Written by Aaron Charlie – Mon 25 Mar 2013
Responsive Web Design is becoming more and more widely used as a means to creating a site that is easily accessible on multiple platforms.
Grids are a particularly useful and simple way to build a responsive site, which is why you'll learn all about them on our Responsive Web Design Training.
With so many options to choose from, we thought we'd take a look at what we think are some of the best frameworks out there, each with its own unique strengths. Not 100% on Media Queries? Take a look at this post on the difference between queries and types.
Golden Grid System splits the page into 18 columns, 16 of which can be used for design.
Using this system you'll be able to serve pages ranging from 240 to 2560px. It does this by 'folding' into 8 columns for tablets and 4 for mobiles.
Yamb v2 is a mobile first framework which aims to deliver a minimalist approach to responsive design. As such it covers screen widths from 320px upwards.
It has some decent features like the conversion of drop-down menus into toggle buttons on small screens as well as touch responsive image function.
One of the more flexible frameworks in this list, Titan offers a choice between 12 or 16 columns. It also comes with the very useful feature of being able to to easily convert from 960.gs simply by replacing them with the Titan files.
The Goldilocks Approach focuses on three particular states: multi column, narrow column and single column which means that you need not consider resolution.
It contains a boilerplate HTML file to get you going quickly.
This framework does exactly what it says on the tin. Flexible yet simple, you can choose from 12, 16 or even 24 columns.
As well as taking a mobile-first approach, Responsive Grid System has the added benefit of being extremely lightweight.
Ranging from 1200px down to 320px Gridiculous covers all the bases. You can space out your columns, create nested ones and set your site a limit of say 960px or even lower, if you don't want to go all the way to the full 1200px.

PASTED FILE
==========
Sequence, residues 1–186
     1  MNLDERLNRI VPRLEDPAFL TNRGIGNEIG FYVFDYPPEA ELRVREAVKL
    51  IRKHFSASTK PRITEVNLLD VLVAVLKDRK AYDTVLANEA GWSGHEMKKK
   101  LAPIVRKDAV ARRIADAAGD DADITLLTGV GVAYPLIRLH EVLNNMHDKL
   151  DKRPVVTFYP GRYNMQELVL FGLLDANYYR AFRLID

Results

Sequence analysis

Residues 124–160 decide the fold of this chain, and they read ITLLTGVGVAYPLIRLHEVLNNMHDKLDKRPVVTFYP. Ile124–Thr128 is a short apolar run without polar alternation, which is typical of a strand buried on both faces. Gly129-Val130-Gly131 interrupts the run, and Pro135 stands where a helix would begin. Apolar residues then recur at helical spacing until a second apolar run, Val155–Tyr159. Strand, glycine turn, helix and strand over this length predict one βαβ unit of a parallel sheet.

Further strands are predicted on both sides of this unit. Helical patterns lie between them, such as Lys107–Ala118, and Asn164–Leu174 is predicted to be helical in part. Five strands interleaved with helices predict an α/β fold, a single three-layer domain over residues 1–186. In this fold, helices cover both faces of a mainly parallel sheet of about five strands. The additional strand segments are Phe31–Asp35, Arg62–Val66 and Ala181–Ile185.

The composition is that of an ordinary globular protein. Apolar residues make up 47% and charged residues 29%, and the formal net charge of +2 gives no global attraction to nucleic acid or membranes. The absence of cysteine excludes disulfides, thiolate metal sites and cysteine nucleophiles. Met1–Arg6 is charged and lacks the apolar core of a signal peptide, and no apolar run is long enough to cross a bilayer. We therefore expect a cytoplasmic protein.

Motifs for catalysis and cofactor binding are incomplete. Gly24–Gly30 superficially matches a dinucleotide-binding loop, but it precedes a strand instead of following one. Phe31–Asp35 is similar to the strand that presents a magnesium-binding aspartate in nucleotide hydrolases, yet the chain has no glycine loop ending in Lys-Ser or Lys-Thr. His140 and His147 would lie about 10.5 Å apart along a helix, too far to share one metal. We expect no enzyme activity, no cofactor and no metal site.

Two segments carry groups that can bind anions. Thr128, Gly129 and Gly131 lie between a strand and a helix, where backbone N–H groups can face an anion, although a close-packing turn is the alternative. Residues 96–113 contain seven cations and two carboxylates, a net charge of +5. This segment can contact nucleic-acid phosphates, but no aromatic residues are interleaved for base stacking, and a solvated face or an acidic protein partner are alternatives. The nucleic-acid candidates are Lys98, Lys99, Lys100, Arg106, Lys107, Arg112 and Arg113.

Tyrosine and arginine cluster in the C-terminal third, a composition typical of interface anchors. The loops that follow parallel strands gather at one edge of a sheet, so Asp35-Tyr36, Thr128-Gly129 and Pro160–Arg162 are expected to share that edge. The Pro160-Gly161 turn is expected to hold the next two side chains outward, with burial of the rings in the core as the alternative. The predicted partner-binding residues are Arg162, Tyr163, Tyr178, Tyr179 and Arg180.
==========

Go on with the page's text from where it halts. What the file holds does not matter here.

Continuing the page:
A comprehensive framework (somewhat ironically given its name), the Less Frameworkprovides, as the creator calls it, 'graceful degradation'.
This means that rather than a mobile-first approach, it builds a 'default' page served up to most desktops and old browsers, and then a series of 'child' layouts (at sizes like 768, 480 and 320px) to be served to other devices.
Efficient and certainly worth a look if you're not keen on mobile-first.
Simple Grid is another framework that manages to live up to its name. Lightweight, 12 columns and designed with high-res desktop monitors in mind, Simple Grid is the perfect framework for an introduction into the world of responsive.
Another simple framework here (spot the theme!) Flurid allows for up to 16 columns, supports cross-browser viewing and most importantly as it says on the site itself, doesn't hide pixels in the margin.
An efficient framework, Skeleton starts with a 960 grid and scales down to mobile. Its sleek and stylish layout makes it a favourite of designers and its speed and simplicity make it a favourite of developers as well. Possibly the pick of the bunch, depending on your needs.
So there you have 10 simple, useful and effective responsive grid frameworks.
Of course there are hundreds more that you can choose from and it's worth doing some thorough research to pick a framework that's best suited to you, but you can't go too far wrong with one of these as a decent starting point.
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